SHARON’S ‘PEARL OYSTER’ STUFFED MUSHROOMS
Gourmet Pearl Oyster mushrooms combined with sauteed onion, celery, garlic and steamed eggplant. Mixed with fresh potato breadcrumbs, fine cashew crumbles, white wine and saffron. Stuffed into crimini and white button mushroom caps, baked till hot, then served with a saffron remoulade sauce!
Makes approx. 42 stuffed mushrooms – approx. 6 servings
Preheat oven to 350 degrees
1 lb. fresh white button mushrooms, sm. – med. for stuffing, washed well
1 lb. fresh crimini (or baby Portobello) mushrooms, sm. – med. for stuffing, washed well
2 c. 1/2 inch peeled eggplant cubes, (cut a small eggplant approx. in half around the equator (reserve 1/2 for other use), cut end off the one you’re cubing, stand on end, cut down from top to bottom, between peel and meat of eggplant – going around the eggplant – discard peels, cut remaining into 1/2 inch slices, stack, cut into 1/2 inch wide sticks, then cut crosswise into 1/2 inch cubes)
1/4 c. finely diced celery, 1/8 inch cubes
1/4 c. finely diced onion, 1/8 inch squares
3 peeled garlic cloves, finely chopped
5 oz. fresh Pearl Oyster mushrooms, stems removed at core, cut into 1/2 inch squares
5 slices fresh potato bread, processed in food processor into fine crumbs (cut crusts from slices, break into pieces, then tear centers into pieces – process centers and crusts separately then combine in bowl – this provides for more uniform breadcrumbs)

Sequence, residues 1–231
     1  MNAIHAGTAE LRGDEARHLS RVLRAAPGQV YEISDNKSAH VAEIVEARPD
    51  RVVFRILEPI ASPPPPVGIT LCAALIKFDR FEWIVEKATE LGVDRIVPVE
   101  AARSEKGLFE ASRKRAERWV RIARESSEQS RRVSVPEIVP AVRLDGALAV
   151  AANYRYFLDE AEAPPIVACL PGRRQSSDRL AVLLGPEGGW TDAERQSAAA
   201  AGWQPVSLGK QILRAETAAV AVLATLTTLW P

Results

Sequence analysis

2/3 c. cashew crumbles (place 2 c. cashews into processing bowl, then process till crumbly – scrape down insides with spatula, then process into fine crumbs – do not over-process into nut butter)
Do your prep work first:
Place whole, washed mushrooms (crimini and button) in saucepan with about 3 cups water. Bring to boil, cover, reduce heat to produce slow boil, then cook about 10-15 minutes. Remove from heat. Lift mushrooms from pot to colander, reserving liquid in pot. Or, cook the ciminis and white button mushrooms separately. It doesn’t matter.
When warm enough to handle, using sharp tip of knife, remove stems from mushroom caps (reserve stems for other use). Place caps hollow side up in 9 x 13 inch baking dish or on baking sheet that has an edge on it.